It’s hard to imagine a flood when Central Texas is in a drought. But flooding is a threat to property, and every homeowner needs to understand one thing:

Homeowners’ policies do not cover losses and damages due to flooding.

Flooding is described as a temporary condition when two more more acres of normally dry land or two more properties are in inundated by water or mudflow. (source: FloodSmart)

At FloodSmart, you can enter your ZIP code and learn about the flood risk for your property. Flood insurance is available through the federal government and private insurers, too. According to FloodSmart, 20 percent of claims last year were in moderate-to-low-risk areas. Flood maps are continually being assessed and changed. Flood risk considers many factors including rainfall, river-flow and tidal-surge data, topography, flood-control measures, and changes due to building and development.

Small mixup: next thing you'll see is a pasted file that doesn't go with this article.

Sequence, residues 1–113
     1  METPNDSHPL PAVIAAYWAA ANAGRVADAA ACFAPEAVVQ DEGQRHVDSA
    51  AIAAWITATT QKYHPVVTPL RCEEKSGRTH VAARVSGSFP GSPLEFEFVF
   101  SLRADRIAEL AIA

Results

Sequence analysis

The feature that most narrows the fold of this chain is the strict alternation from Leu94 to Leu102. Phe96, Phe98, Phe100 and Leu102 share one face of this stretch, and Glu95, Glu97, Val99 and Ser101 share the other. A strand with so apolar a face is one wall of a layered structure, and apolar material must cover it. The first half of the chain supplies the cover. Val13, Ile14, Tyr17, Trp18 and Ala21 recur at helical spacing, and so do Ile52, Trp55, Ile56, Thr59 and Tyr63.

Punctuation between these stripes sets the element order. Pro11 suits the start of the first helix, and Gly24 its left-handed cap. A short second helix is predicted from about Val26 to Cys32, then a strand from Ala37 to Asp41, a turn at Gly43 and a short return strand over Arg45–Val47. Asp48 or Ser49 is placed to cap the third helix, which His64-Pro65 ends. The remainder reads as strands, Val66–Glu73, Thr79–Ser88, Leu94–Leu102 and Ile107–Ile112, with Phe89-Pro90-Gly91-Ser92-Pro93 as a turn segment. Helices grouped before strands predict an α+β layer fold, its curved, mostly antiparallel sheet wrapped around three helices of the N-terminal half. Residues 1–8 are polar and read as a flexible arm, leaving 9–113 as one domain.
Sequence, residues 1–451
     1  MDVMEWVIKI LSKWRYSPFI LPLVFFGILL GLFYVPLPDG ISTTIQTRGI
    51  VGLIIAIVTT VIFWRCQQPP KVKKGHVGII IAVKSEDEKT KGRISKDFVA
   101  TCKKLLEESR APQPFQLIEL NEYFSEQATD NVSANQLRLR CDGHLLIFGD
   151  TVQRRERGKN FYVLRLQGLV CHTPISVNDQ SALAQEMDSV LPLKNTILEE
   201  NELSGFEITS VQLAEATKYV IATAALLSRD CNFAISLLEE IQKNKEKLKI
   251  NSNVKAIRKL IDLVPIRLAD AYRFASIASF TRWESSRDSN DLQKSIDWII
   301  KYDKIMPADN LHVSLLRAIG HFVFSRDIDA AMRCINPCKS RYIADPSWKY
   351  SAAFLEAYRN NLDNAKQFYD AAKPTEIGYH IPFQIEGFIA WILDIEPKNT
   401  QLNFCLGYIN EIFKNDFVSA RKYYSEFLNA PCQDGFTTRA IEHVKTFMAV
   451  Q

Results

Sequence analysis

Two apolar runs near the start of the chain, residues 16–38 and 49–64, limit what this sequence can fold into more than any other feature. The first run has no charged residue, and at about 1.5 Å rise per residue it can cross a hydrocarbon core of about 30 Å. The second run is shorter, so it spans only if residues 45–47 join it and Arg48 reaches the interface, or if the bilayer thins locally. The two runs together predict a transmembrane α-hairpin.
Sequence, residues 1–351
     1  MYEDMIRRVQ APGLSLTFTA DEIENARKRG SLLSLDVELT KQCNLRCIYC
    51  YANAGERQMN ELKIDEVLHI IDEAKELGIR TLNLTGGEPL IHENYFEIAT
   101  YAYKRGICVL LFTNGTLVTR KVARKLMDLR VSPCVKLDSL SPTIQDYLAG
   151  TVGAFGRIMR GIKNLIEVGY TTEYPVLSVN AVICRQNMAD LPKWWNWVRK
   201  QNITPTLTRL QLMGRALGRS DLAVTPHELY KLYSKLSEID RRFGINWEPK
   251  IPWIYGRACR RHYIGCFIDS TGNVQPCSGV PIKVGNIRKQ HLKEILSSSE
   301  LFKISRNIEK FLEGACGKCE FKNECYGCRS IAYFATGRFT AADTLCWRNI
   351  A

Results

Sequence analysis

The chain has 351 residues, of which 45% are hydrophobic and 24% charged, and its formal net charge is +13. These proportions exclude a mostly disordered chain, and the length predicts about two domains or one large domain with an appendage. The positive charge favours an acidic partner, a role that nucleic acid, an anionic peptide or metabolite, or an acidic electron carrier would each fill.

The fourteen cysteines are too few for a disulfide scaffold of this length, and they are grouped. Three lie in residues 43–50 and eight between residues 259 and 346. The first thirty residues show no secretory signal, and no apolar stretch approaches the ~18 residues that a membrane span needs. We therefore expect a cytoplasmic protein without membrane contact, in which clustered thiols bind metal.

A few inches of water can cause tens of thousands of dollars in damage. Over the past 10 years, the average flood claim has amounted to nearly $48,000.

Not sure if you need flood insurance to protect your home? Please call us.

[Flooding is not covered by standard homeowners insurance policies but is available from the National Flood Insurance Program (NFIP) and from some private insurance companies. The NFIP offers separate policies for the structure of your home and for your personal possessions, along with a variety of deductibles. You can choose one deductible for the structure and another for the contents of your home. Mortgage companies, however, may require that your deductible be under a certain amount. Flood damage to a car is covered by the optional comprehensive portion of an auto insurance policy.]
Posted 2:07 PM  View Comments

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